In an opinion piece on LoHud.com, one of the attorneys in Port Chester’s voting rights case revives questions about the effect of including non-U.S. citizens in the population count for districting purposes.
This argument came up during the DOJ’s lawsuit in Port Chester when the village was fighting a switch from at-large voting to single-member districts for trustees. Aldo Vitagliano (at left), who wrote the opinion piece, and attorney Anthony Piscionere argued that the presence of so many non-citizens in Port Chester would skew the voting power of people in various districts, violating the “one person, one vote” principle. An organization called the Project on Fair Representation argued this point also.
At the time, one of the plaintiff’s lawyers in the case told me that such an argument was extremist nonsense — “a fairy tale.”
The village was ordered to change its trustee election system after it was deemed unfair to Hispanics, in violation of the Voting Rights Act. As it turned out, the village was not forced to create districts, switching instead to the unusual cumulative voting method as the remedy to its voting rights violation.
It’s still Independence Day season in Port Chester, given the various Latin American countries celebrating independence from Spain. For the fourth year, St. Peter’s Episcopal Church is incorporating the festivities into its “Cultural Fridays” series, intended to showcase the different nationalities in the congregation.
Peruvians celebrated their day recently with a traditional “scissor dance” (photographed at Port Chester Fest, left) and a salute to Luis Marino, the village’s first Hispanic trustee and a native of Peru. Next up, Friday, are the Bolivians, gathering on their actual independence day, Aug. 6. Ecuadorians are celebrating at the church Aug. 13, Dominicans Aug. 20, Mexicans Aug. 27, and Central Americans on Sept. 3. The festivities start at 7 p.m. The Bolivian event will start with a Mass and be held outdoors in the church parking lot.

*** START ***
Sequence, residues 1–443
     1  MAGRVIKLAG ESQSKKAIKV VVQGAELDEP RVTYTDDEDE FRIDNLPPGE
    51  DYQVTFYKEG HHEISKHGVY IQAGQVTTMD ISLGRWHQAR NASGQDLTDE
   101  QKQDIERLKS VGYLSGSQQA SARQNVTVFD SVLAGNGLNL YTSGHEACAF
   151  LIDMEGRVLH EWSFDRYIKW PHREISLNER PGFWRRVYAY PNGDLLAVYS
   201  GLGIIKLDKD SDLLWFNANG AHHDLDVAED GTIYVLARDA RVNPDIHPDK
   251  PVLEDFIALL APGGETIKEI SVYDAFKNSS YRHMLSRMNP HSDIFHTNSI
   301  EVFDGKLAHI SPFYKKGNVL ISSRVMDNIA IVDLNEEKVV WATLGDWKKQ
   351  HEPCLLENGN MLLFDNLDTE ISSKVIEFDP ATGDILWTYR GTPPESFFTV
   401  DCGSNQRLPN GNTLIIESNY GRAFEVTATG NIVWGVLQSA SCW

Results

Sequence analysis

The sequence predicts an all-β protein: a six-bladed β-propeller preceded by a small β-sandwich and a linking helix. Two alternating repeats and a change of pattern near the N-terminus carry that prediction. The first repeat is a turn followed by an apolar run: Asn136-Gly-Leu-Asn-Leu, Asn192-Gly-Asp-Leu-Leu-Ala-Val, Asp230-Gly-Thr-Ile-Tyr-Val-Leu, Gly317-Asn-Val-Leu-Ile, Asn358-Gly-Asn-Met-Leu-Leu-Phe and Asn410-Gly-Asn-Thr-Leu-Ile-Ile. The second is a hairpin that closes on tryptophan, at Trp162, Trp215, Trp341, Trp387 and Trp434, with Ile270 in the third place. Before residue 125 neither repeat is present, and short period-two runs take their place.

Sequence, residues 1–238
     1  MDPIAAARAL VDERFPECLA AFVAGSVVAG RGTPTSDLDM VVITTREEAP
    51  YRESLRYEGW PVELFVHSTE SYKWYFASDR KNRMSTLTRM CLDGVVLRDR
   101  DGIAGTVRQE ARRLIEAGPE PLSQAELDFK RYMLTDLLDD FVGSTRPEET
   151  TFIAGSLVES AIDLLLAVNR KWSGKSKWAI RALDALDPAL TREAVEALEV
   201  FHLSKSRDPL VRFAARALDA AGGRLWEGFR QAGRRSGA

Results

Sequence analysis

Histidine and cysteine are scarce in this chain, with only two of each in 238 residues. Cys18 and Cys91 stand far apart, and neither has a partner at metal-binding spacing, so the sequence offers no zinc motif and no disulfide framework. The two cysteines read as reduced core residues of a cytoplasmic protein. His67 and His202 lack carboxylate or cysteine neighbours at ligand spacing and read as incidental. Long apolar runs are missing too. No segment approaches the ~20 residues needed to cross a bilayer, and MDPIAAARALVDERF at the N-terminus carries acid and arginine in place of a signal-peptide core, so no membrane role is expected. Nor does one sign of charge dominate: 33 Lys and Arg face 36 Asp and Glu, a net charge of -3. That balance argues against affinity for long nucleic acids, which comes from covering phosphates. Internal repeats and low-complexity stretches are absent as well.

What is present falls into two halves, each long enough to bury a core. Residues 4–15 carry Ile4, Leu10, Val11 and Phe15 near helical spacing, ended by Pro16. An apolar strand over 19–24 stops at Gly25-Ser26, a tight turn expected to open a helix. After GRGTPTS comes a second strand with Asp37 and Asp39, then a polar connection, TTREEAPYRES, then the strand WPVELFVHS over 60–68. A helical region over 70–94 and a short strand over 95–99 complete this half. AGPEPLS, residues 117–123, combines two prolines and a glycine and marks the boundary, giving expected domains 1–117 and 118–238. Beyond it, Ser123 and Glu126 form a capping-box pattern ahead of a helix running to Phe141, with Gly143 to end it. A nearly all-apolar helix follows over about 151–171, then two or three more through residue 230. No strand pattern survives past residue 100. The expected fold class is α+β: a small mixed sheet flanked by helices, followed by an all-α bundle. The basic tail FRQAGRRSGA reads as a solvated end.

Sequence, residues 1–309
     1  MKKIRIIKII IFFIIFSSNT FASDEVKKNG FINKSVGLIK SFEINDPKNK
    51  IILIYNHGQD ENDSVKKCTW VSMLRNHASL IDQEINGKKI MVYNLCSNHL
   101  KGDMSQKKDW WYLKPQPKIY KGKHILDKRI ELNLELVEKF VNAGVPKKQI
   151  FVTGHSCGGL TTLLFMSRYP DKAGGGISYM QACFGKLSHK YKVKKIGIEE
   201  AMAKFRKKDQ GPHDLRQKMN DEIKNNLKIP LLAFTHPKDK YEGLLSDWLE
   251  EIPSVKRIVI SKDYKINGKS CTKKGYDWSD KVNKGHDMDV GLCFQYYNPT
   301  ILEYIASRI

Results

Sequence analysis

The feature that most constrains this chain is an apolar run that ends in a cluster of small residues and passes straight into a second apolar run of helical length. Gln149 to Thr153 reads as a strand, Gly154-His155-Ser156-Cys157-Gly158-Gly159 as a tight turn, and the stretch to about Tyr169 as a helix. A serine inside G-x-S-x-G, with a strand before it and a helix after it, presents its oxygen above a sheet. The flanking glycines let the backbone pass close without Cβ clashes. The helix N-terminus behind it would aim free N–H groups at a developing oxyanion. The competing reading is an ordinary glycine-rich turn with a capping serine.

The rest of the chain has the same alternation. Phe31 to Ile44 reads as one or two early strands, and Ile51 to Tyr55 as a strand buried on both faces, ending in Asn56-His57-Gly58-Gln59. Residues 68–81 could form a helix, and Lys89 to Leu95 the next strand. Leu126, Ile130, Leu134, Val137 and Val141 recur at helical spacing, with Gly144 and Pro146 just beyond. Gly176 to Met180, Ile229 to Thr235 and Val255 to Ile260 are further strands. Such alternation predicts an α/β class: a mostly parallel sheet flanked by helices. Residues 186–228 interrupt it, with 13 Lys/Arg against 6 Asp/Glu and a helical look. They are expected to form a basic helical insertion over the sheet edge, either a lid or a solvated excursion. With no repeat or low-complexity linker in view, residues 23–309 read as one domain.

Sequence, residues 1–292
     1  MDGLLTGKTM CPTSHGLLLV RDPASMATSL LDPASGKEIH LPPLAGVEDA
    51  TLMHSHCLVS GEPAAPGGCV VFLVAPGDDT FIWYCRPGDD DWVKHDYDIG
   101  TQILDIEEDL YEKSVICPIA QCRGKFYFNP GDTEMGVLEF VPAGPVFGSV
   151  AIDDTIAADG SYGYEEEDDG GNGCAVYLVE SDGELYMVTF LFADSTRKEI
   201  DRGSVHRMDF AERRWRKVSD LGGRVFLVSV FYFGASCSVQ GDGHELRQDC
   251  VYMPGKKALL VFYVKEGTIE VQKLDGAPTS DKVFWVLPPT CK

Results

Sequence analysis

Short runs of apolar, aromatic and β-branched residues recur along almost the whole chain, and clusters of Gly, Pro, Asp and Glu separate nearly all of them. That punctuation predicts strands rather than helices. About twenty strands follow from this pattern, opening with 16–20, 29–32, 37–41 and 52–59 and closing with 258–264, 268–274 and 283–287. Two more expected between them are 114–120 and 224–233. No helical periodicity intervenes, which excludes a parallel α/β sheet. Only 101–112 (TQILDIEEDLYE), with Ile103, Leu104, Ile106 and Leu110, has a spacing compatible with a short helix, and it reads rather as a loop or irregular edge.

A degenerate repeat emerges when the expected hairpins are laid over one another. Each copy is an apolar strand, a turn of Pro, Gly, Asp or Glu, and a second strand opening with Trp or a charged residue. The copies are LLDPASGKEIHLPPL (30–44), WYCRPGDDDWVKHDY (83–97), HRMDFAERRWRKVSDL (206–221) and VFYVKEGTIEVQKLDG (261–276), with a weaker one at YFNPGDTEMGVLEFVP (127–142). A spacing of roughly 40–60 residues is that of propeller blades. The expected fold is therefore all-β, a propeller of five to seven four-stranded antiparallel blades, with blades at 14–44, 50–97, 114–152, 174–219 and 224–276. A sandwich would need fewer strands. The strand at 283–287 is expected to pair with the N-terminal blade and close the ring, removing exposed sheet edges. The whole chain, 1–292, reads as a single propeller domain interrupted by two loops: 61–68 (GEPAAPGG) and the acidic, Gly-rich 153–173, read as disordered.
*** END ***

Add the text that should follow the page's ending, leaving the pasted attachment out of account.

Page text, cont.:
Father Hilario Albert began the Friday events with the hope of mingling the various groups, but that remains a challenge. “It has still been very, very slow-moving,” he said this week. “People come to their own, and they forget about the other.”
Newsday is reporting in detail on the stabbing death of Marcello Lucero, an Ecuadorean immigrant who authorities are calling the victim of a hate crime.
Seven teen-agers are charged with first-degree gang assault, and one is also charged with first-degree manslaughter as a hate crime.
But some immigrant advocates are placing further blame on Suffolk County Executive Steve Levy and the heated debates in the legislature over illegal immigration.
Here is a comment from Chung-Wha Hong, executive director of the New York Immigration Coalition:
We extend our deepest condolences to the Lucero family, and call on all New Yorkers to come together in the face of this terrible tragedy to affirm their commitment to diversity and inclusion, and commit to fighting racial violence. Such hateful acts have no place in our community and our nation.
This killing was not a random isolated incident without any context. It arises out of a climate of hostility towards immigrants that has festered in Suffolk County for many years, spurred on by irresponsible political rhetoric and divisive legislation.
This is not the first time that the scapegoating of immigrants has created an environment conducive to violence against immigrant communities, but it needs to be the last.
From Janet Murguía, President and CEO of the National Council of La Raza:
While we are grateful that the authorities have taken swift action, it is important for all Americans to understand that this is part of an alarming trend taking place nationwide.
For too long hate groups and hate speech have dominated the national debate on immigrants, mischaracterizing all Latinos and the institutions that serve them in the process. Lives are literally in the balance.